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GWR Buffalo (1076 Class) in 2FS (Part 2)

Ian Smith

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After a few months of doing other things, I have once again started work on my 3rd loco. Previously, I had formed the saddle tank (http://www.rmweb.co.uk/community/index.php?/blog/1009/entry-16413-gwr-buffalo-1076-class-in-2fs/) and there the project had stalled for no other reason than I wanted to progress Modbury for the 2mm Association's Supermeet last month.

 

Picking up the reigns again, I have made a start on the chassis. Once again I have decided to provide the engine with a milled solid brass (albeit split framed) chassis. To achieve this, a length of 1mm thick brass is bolted to a main chassis block some 6mm thick the bolts being secured in insulating material in the main block. Once the pair are united at their extremities (outside the finished size of the chassis), the various holes for fixing bolts, axles and gear shafts are drilled through before the shape of the chassis is milled away.

 

For this loco, I will be using some etched coupling rods of 14.5mm x 16.5mm wheelbase that I have done my own artwork for (they are of the "fish bellied" profile which unfortunately the Association do not provide). Until my own rods are ready I will be using Association ones as a jig to drill the axle holes and to test the final chassis build.

 

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Axle centre line and chassis extremities marked, first axle hole spotted with 0.5mm drill and peg inserted

 

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Coupling rods being used as jig to drill other 2 axle holes 0.5mm spaced from the peg of the first axle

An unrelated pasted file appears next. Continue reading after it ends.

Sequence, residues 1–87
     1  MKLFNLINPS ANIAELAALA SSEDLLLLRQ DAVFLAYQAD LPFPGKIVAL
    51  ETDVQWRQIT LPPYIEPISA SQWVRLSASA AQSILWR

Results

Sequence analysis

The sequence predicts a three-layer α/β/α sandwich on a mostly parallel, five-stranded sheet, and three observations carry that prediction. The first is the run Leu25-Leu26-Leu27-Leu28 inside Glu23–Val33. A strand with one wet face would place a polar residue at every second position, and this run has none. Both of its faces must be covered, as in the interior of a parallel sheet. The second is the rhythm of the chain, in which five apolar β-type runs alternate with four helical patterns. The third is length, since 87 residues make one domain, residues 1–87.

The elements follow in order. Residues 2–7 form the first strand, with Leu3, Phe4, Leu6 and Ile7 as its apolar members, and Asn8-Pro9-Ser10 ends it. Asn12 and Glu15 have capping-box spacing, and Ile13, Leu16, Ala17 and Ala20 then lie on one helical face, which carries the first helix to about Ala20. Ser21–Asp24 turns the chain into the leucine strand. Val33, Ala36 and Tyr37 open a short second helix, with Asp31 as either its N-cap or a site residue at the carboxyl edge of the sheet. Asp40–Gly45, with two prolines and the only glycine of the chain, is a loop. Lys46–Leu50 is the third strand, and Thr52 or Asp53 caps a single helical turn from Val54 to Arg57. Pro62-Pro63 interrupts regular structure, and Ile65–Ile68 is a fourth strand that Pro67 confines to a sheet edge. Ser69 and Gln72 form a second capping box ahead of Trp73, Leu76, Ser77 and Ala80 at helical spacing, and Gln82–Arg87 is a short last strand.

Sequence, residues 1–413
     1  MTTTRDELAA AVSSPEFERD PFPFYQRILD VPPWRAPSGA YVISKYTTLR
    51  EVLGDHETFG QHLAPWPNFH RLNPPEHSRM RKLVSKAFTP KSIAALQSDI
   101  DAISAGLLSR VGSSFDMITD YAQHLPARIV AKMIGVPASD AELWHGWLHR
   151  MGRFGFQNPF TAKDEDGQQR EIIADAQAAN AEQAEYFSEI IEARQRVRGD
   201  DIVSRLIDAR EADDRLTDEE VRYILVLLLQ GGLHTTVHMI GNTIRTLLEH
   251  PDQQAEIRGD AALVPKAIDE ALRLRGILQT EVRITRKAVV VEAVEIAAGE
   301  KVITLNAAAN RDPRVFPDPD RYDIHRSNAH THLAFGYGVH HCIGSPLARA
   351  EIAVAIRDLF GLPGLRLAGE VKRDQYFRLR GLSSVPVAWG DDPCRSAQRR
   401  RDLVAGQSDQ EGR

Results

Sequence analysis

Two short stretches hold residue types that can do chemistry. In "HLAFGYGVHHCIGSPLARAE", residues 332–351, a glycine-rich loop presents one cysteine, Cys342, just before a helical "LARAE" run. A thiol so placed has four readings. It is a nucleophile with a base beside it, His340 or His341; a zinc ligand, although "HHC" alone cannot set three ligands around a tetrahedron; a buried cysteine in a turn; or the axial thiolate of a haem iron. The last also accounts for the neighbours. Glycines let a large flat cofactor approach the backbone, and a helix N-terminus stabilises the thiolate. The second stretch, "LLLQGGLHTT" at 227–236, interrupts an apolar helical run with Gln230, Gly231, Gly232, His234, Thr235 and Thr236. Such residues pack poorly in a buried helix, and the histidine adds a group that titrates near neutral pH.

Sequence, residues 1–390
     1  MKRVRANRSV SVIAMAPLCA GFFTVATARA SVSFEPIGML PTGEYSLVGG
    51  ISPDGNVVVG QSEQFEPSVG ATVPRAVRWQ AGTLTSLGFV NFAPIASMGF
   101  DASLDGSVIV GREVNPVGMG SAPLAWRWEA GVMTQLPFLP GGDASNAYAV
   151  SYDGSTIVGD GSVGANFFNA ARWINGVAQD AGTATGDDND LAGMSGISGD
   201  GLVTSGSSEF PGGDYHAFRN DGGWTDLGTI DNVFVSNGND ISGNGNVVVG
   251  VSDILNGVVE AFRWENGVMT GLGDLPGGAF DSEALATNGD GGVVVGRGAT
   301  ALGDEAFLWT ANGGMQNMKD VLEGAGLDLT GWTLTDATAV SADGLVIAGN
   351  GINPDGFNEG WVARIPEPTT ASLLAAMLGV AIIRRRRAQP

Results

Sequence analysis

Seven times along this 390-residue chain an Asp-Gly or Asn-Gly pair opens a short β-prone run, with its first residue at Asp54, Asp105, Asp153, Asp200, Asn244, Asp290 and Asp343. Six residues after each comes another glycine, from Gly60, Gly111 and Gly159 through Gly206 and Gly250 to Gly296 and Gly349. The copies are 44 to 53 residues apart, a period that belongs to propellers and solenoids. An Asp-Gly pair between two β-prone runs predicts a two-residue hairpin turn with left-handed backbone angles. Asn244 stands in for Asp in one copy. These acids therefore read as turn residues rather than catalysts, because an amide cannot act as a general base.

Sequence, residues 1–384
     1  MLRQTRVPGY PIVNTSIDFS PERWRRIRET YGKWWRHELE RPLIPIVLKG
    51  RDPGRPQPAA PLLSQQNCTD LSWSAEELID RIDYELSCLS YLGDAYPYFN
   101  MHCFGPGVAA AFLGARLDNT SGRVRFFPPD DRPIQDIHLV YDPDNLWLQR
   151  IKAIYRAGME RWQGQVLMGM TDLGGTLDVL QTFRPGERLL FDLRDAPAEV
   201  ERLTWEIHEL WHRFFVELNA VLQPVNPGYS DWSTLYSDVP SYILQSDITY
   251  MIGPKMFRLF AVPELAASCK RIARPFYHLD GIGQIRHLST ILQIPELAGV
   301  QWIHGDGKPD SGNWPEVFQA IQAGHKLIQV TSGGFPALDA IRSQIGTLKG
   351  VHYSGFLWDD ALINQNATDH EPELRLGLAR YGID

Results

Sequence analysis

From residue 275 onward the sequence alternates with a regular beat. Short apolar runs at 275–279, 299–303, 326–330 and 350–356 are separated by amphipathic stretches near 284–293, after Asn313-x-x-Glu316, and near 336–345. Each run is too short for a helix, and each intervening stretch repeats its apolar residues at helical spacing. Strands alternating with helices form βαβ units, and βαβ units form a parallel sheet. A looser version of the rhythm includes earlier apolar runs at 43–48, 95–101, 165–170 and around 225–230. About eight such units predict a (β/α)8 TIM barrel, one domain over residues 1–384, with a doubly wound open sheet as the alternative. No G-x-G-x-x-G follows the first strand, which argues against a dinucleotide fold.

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All 3 axle holes drilled. They are subsequently opened up to 2.4mm to house Association phosphor bronze bearings

 

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Axle holes for the gears drilled, chassis block milled to shape, and Association phosphor bronze bearings soldered in place

 

​Because the Buffalo class had outside frames, Association wheels with extended axles were purchased, unfortunately the wheels do not come with Fly Cranks so these had to be manufactured. A sheet of 0.018" nickel silver was used to fabricate the cranks, a 0.7mm hole drilled in a piece of the material for the spigot on the extended axle, and a 0.5mm hole was drilled 0.080" (about 2mm) from that hole. A little jig was made with a 0.7mm peg in it onto which the piece of nickel silver sheet was hung and the 0.5mm hole drilled 0.080" away from it. The crank was then filed around these two holes.

 

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First crank made and a start made on filing out second one

 

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First crank being used as a pattern to finish off the filing of the subsequent cranks

 

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Full set of 6 cranks

 

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Wheel, fabricated fly crank and Association flanged crankpin

 

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Set of wheels complete with their fly cranks and crankpins and remainder of spigot filed off

 

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Completed chassis, albeit with the extensions still in place - these will be cut off once all of the machining has been complete (the worm housing still needs to be made and bolt holes drilled and tapped)

 

Finally a short video of the chassis being pushed along

 

There is still a bit to do, not least of which will be a full strip down so that it can be painted!

 

Ian

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Guest Simon Dunkley

Posted

Serious work, there.

And in such a small scale.

 

How well does it roll without being pushed?